One subject that keeps coming up is “what is a good time”?
I can provide times for elite Professional Hockey, elite Women's Hockey ( US Olympians and NWHL) , and Elite College Hockey (NCAA Division 1 men's and women's).
I can also provide comparative times for high school and middle school athletes.
However, in order to do so there needs to be a few parameters. Tony Holler's times for Flying 10's are taken in the 30-40 yard segment of a forty yard dash. We would refer to this as a 30 meter fly-in.
The length of the fly-in will obviously influence the time. A longer fly-in will yield a lower time. We experimented with 5, 10 and 15 yard fly-in's and every athlete gets faster as we add 5 yards.
We use a 10 yard fly-in due to space constraints most of the year. Although this may not be optimal, it is what we can do!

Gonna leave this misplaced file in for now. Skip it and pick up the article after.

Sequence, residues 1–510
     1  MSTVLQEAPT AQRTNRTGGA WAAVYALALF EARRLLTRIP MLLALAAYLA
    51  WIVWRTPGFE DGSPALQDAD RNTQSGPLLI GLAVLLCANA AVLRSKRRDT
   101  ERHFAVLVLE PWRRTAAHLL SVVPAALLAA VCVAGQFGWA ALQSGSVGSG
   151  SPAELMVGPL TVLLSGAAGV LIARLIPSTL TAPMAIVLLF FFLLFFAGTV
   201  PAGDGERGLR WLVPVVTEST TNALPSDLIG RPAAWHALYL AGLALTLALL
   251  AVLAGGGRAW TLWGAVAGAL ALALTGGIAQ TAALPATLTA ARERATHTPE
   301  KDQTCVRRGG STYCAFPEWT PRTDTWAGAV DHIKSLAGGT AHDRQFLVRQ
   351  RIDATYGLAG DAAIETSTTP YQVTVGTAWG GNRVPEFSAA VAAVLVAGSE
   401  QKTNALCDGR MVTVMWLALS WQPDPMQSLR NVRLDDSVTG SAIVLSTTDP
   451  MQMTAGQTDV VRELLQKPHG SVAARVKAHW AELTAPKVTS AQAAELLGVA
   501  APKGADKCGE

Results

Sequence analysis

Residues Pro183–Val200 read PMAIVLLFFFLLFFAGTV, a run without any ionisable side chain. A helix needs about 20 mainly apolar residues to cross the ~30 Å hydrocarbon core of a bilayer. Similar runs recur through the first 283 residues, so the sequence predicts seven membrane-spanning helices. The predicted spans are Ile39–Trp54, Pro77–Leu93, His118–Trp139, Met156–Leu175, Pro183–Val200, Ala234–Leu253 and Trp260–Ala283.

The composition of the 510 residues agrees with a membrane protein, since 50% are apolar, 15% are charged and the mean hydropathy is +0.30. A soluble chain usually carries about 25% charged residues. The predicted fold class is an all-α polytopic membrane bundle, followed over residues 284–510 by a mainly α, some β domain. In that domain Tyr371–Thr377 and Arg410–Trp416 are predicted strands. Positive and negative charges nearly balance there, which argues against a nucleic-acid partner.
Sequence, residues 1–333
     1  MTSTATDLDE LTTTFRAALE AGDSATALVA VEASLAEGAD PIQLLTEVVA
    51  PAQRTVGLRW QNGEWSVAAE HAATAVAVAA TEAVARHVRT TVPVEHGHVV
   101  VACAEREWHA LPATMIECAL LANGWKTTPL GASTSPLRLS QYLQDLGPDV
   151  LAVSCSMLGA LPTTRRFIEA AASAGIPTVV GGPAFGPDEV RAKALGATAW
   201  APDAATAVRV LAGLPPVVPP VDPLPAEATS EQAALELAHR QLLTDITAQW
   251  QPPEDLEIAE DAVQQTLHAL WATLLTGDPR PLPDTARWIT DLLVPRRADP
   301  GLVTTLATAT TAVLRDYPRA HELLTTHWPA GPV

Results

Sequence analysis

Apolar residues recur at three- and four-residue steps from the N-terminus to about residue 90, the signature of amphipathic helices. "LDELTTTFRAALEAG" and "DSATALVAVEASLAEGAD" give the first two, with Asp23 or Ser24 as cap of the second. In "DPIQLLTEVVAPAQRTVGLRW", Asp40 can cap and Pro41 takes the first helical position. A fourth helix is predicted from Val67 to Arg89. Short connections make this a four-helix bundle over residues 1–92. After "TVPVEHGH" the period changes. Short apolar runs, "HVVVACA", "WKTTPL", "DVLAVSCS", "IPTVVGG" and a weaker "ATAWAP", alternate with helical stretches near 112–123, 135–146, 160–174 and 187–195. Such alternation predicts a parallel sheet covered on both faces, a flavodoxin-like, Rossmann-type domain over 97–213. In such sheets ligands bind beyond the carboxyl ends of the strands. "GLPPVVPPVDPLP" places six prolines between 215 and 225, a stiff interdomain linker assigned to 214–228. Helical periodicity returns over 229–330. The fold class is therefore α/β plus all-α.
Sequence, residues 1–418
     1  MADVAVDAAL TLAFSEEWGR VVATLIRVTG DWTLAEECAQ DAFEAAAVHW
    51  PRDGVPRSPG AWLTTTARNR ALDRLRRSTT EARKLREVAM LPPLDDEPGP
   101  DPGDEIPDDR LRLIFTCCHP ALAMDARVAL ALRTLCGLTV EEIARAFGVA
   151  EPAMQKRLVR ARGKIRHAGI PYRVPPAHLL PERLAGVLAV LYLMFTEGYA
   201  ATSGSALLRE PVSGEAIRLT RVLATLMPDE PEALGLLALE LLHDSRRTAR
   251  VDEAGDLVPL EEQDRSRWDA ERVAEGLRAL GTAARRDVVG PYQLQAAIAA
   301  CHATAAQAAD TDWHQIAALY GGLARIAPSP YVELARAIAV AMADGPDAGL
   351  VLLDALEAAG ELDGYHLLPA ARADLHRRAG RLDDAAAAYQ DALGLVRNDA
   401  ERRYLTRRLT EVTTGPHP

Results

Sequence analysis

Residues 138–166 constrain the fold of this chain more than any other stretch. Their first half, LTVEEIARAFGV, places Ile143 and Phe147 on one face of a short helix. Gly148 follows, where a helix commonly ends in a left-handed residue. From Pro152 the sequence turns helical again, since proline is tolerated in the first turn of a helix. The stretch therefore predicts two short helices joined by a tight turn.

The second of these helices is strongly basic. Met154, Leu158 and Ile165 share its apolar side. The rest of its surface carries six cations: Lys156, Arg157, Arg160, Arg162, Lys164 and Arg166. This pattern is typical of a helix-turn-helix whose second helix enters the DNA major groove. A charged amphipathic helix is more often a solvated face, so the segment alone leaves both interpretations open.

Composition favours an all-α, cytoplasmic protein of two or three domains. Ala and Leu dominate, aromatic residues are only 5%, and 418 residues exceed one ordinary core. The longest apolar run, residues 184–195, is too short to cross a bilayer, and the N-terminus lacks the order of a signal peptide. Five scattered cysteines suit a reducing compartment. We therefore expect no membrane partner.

In addition, our times are from a standing start using the Brower start block ( not a starting block but, a block feature of the Brower Timer that records start at foot movement). This is a two point start.
The reason this information is important is so that we get an apples to apples comparison.
Here are our times from this past year. A reminder, 10's were done from a 2 point start with electronic timing. Hand held times will not be close and, hand start/ electronic finish will also not be close to our times.
Flying 10's were recorded with a 10 yard fly-in also with a Brower Electronic timer. For flying tens you will need two sets of sensors. These are best times, not averages.
As I said, this has been a real game changer and only requires the purchase of a Brower Timer or, similar product. Try it out.